What Is Monkeypox? – The New York Times

The rare monkeypox virus, usually confined to Central and West Africa, has spread in unusual ways this year, and among populations that have not been vulnerable in the past.

But while transmissions have created some alarm among officials and infectious disease experts, and while a covid-weary world is on high alert for new outbreaks, there are several reasons why monkeypox is not being treated at the same level as the coronavirus.

Here’s what to know about monkeypox and the risks it poses.

Monkeypox is a virus endemic in parts of Central and West Africa. This is a more benign version of smallpox.

It was discovered in 1958, after outbreaks occurred in Monkeys for research, according to the Centers for Disease Control and Prevention.

Monkeypox creates a rash that starts with flat red marks that become raised and filled with pus. Infected people will also have a fever and body aches.

Symptoms typically appear within six to 13 days but may take as long as three weeks after exposure. They can last for two to four weeks, with severe cases occurring more often among children, according to the World Health Organization.

The CDC says there is “no proven, safe treatment” for monkeypox but notes that for the purposes of controlling an outbreak in the United States, smallpox vaccines and other treatments can be used.

Typically it does not lead to major outbreaks – in most years there are just a handful of cases outside Africa, if any. The most severe outbreak in the United States came in 2003, when dozens of cases were linked to exposure to infected prairie dogs and other pets. It was the first time there was a monkeypox outbreak outside of Africa, according to the World Health Organization.

Within Africa, 11 countries have reported cases since 1970, when the first human case was identified in a 9-year-old boy in the Democratic Republic of Congo. Nigeria has experienced a large outbreak, with more than 500 suspected cases and 200 confirmed cases since 2017, the WHO said.

The virus can spread through body fluids, skin contact and respiratory droplets. The majority of cases this year have been in young men, many of whom are self-identified as men who have sex with men.

“Most cases presented with lesions on the genitalia or peri-genital area, indicating that transmission occurs during close physical contact during sexual activity,” the European Center for Disease Prevention and Control said on Friday.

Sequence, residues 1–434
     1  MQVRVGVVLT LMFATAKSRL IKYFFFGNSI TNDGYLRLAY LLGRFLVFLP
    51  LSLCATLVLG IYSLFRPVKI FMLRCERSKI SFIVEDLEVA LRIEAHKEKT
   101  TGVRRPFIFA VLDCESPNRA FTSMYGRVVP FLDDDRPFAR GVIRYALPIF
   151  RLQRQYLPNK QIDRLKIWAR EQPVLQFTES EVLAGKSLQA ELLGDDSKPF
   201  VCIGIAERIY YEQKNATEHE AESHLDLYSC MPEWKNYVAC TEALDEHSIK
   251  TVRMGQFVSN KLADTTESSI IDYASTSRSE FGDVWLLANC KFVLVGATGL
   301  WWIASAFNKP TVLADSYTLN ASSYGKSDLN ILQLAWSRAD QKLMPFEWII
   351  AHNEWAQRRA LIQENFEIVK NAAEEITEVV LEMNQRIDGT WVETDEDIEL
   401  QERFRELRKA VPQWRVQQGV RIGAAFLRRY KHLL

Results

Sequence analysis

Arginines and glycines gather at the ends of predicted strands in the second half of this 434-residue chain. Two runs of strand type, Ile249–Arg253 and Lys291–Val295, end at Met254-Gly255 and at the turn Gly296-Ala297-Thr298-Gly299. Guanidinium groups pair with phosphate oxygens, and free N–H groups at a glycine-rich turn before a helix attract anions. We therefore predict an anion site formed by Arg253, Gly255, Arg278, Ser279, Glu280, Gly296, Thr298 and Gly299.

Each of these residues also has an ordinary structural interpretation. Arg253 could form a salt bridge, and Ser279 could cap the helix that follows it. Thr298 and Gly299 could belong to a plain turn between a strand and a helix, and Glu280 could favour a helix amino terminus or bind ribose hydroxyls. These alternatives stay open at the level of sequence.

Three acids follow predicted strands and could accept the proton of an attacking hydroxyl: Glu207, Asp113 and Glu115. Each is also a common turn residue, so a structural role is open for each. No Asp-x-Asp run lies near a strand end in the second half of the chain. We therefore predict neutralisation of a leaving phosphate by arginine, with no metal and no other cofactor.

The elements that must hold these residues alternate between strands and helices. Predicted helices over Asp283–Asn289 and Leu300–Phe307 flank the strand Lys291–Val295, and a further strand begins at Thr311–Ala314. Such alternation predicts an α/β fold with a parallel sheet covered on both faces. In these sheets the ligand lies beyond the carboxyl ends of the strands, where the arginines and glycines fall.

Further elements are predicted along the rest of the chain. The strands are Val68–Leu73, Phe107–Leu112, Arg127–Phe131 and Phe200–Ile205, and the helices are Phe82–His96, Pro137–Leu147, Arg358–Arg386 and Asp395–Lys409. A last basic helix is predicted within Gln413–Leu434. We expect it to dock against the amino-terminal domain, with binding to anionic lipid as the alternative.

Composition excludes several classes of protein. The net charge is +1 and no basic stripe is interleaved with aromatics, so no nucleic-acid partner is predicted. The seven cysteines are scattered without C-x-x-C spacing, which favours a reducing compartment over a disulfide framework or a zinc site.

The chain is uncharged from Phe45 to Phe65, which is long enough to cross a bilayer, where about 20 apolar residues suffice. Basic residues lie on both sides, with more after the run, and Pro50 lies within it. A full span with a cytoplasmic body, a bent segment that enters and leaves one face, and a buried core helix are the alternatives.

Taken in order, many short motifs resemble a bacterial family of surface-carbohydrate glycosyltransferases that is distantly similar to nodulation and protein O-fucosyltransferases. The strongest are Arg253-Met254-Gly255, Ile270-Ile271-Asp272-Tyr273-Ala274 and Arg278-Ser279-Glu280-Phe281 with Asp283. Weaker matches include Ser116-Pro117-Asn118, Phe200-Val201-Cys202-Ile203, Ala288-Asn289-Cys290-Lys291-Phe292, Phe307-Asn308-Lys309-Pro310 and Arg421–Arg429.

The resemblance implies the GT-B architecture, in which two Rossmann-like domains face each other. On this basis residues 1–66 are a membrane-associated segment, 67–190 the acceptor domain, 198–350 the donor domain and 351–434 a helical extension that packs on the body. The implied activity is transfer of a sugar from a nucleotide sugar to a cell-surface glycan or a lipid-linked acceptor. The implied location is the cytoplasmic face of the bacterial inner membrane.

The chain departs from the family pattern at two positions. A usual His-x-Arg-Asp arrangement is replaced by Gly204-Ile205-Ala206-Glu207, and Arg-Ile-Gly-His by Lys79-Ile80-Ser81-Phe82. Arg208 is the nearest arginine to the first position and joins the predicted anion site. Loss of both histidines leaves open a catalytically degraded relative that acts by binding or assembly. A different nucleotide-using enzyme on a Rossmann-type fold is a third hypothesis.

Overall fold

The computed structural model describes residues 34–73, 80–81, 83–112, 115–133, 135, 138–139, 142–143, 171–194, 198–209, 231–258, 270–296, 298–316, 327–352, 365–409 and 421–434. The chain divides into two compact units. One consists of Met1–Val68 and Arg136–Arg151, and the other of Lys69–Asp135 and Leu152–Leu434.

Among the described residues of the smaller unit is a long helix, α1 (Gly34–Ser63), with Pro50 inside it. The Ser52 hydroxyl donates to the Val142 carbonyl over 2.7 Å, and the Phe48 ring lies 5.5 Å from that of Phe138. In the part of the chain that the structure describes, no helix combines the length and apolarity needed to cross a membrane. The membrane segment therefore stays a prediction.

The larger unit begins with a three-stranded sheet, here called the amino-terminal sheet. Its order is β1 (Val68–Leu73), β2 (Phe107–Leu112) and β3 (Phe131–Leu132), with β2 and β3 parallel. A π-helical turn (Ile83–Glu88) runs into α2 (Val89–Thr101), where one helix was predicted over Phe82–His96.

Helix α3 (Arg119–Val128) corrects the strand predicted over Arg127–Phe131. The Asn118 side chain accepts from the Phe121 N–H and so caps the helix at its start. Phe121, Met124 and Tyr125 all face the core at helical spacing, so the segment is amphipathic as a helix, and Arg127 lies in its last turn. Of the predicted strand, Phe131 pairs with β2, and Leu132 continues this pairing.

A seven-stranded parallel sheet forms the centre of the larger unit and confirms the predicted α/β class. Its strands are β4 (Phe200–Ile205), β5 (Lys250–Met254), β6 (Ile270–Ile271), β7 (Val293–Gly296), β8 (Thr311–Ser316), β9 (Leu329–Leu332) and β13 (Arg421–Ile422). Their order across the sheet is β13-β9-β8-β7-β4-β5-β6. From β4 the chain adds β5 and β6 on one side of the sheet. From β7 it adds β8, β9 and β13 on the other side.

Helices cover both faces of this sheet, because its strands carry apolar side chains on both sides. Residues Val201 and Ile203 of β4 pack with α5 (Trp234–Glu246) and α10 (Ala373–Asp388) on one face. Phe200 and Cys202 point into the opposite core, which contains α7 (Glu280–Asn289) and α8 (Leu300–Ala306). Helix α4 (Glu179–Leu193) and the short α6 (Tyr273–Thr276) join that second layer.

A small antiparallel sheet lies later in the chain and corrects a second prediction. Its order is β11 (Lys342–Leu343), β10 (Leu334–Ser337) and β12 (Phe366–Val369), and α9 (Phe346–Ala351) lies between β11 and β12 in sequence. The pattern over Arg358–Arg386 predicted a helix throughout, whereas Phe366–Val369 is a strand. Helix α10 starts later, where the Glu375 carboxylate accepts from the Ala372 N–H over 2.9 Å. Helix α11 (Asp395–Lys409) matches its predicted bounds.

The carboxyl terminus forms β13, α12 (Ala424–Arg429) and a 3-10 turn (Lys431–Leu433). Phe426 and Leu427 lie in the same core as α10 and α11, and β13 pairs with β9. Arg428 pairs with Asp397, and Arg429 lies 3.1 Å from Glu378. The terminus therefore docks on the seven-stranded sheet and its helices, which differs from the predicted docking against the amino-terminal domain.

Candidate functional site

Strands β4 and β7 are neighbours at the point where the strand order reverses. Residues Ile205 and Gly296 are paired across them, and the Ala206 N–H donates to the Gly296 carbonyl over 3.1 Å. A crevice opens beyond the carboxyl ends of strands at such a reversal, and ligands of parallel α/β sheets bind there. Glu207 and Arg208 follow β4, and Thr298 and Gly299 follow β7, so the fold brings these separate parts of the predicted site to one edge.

There have been 38 cases worldwide this year as of Thursday, including 37 with no history of travel to endemic countries, according to the European Center for Disease Prevention and Control. Britain reported an additional 11 cases on Friday.

In the United States, the first case of 2022 was diagnosed in Massachusetts on Wednesday. The man has recently traveled to Canada, which has had two cases this year. New York City health authorities announced on Thursday that they were investigating a possible case.

Europe has been hit much harder. As of Thursday, Portugal had reported 17 cases, Spain has had seven, Belgium has had two, and France, Italy and Sweden have each had one.

Britain had reported nine cases as of Thursday, but Sajid Javid, Britain’s health secretary, said on Friday that the number had risen to 20. The WHO said on Thursday that the infection appeared to be locally acquired, but “the extent of local transmission. This is unclear at this stage and there is a possibility of further identification of cases. “

None of the infected people have died, according to the European Center for Disease Prevention and Control.

This is the first time that the transmission of chains were reported in Europe without links to West or Central Africa, according to the European Center for Disease Prevention and Control. The agency also said this year’s cases are the first that have been reported Among men who have sex with men.

The likelihood of the virus being spread during sexual contact is high, but the risk of transmission from other forms of close contact is low, said the European Center for Disease Prevention and Control.

The symptoms are typically mild, and most people recover within weeks, but the virus has a fatality rate of about 3.3 percent in Nigeria, with children, young adults and immunocompromised people being the most susceptible.

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